When Hallums’s customers wanted to redeem Innovation shares, they got $43 a share — the vastly exaggerated value. It was a Ponzi scheme built on vapor because there was no realistic valuation of the entities.

The Department of Corporations cites one example of the Ponzi. In September of 2010, Innovation Fund had only $331.05 in its bank account. Two new clients put $190,000 in the fund. Of that, $40,085.89 went right out the back door to cover funds being withdrawn. The maneuver “was a classic Ponzi,” says Benink. Although the investigations are not completed, he points out an apparently unusual aspect of this scam: “There are no signs of extravagant payments, expensive vehicles, luxurious vacations. [Hallums] does not appear to be living high on the hog on investors’ money.”

Most inventions weren’t successful. Courtney originally funded his inventions, says Kolen. “The modus operandi was to develop the technology, get it patented, then license [it] to a company already in the applicable market,” says Kolen. “This was successful sometimes, most of the time not. Most of the adventures ended in abandonment.” The Immcapnmotion, Magneto, and Mist entities were set up to market Kolen inventions. “Mist was a wireless sensor network I developed.… Turned out it was a great technology but was applicable to only a small niche market and was abandoned due to my limited available time to develop these various ideas.”

A company named Fed Tag was initially funded by Courtney. Hallums was given a 10 percent ownership position without plunking in any money; he got the 10 percent on his promise that he would bring in more funding. “He only provided a small amount,” says Kolen, and on that which he brought in, Hallums charged a 10 percent commission. This “pissed me off big-time, as he was supposed to be paid for monies brought in via the 10 percent equity [in Fed Tag].”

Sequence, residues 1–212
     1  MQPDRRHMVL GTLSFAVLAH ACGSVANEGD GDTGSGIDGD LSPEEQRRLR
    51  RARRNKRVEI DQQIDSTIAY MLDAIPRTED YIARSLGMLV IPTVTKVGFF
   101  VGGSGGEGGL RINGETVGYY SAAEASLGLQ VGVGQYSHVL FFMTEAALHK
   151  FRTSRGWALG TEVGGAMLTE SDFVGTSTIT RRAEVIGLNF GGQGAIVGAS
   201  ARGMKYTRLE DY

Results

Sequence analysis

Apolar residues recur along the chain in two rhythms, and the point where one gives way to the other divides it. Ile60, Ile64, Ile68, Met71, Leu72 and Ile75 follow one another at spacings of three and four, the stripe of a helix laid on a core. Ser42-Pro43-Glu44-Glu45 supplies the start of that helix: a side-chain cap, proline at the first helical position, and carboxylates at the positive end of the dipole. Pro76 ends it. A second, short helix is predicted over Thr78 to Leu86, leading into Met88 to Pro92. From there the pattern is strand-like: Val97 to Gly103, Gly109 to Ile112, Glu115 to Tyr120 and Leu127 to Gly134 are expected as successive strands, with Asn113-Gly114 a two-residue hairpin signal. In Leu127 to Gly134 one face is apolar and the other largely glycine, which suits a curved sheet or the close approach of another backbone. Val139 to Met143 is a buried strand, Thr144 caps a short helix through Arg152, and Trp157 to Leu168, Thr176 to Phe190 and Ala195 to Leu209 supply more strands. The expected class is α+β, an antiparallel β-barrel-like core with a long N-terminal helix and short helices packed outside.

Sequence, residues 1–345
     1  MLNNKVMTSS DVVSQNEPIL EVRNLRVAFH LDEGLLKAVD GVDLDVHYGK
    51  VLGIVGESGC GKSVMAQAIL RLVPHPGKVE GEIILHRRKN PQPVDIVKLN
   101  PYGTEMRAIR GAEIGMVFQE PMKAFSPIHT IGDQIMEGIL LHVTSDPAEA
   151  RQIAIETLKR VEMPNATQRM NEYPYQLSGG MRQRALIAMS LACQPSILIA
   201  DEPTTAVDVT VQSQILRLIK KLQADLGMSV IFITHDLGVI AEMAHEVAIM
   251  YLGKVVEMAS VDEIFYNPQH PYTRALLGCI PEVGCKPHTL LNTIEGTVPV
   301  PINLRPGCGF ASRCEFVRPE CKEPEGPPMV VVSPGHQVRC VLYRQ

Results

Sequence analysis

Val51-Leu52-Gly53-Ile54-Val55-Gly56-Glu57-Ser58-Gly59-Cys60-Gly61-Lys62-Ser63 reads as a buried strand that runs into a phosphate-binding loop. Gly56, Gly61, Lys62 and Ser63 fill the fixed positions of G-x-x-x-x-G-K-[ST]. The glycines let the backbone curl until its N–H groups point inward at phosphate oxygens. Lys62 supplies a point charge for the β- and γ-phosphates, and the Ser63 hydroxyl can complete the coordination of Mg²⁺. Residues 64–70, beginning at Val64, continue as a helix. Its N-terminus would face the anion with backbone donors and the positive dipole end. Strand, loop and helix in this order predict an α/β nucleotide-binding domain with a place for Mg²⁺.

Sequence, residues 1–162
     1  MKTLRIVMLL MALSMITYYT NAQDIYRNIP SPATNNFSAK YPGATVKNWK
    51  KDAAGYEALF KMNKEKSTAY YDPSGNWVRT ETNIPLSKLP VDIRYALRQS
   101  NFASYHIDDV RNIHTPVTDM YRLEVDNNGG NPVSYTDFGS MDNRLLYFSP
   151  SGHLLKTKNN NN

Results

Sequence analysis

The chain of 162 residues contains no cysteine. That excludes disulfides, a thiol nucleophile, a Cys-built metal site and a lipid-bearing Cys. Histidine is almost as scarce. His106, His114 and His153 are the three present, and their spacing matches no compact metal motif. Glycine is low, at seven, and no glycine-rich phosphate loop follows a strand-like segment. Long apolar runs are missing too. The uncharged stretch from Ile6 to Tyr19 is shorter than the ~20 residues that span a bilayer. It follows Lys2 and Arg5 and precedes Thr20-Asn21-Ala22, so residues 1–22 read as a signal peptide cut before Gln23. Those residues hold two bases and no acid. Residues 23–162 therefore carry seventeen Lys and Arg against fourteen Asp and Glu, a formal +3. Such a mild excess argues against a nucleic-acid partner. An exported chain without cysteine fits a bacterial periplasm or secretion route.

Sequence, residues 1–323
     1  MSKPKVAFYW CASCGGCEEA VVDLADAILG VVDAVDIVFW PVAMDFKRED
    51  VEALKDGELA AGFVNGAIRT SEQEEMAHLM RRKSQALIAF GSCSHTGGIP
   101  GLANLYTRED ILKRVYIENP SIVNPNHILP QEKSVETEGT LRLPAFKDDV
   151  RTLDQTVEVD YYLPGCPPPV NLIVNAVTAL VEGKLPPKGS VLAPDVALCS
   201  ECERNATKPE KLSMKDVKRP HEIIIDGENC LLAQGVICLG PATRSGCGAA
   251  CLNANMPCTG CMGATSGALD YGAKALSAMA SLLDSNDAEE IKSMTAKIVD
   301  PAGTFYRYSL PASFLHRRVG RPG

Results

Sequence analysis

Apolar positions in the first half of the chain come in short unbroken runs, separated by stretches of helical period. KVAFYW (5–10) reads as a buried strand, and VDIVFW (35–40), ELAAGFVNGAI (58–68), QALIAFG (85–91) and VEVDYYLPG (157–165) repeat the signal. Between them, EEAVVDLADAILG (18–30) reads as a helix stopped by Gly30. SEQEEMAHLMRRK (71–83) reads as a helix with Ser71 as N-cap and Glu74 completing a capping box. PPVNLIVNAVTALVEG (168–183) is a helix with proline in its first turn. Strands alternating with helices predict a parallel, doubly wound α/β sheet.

There were other clues of Hallums’s proclivities. In 2005, when RMC was in San Diego and not Ramona, the Department of Corporations slapped it with a fine for not submitting annual reports to the department from 1999 through 2002. Hallums had also not filed RMC’s annual report in 1997, and in 1998 he had assured the department that RMC would not fail to file again.

In the current action, the Department of Corporations cited Hallums’s misadventures in real estate. Beginning in August of last year, Hallums began raising investor money to build affordable senior housing in Perris, California. He failed to reveal to investors that one of his partners in the deal, Wallace Benward, had defaulted on a $16.5 million loan from the former La Jolla Bank, which was later seized by the government. The Federal Deposit Insurance Corporation sued Benward for the money. Benink has shut down that operation.

Hallums did not return a call seeking comment. His attorney, Michael Lipman, would not comment because the case is pending. Courtney’s lawyer, Stephen Cummings, would not say anything for the same reason. I could not reach Courtney.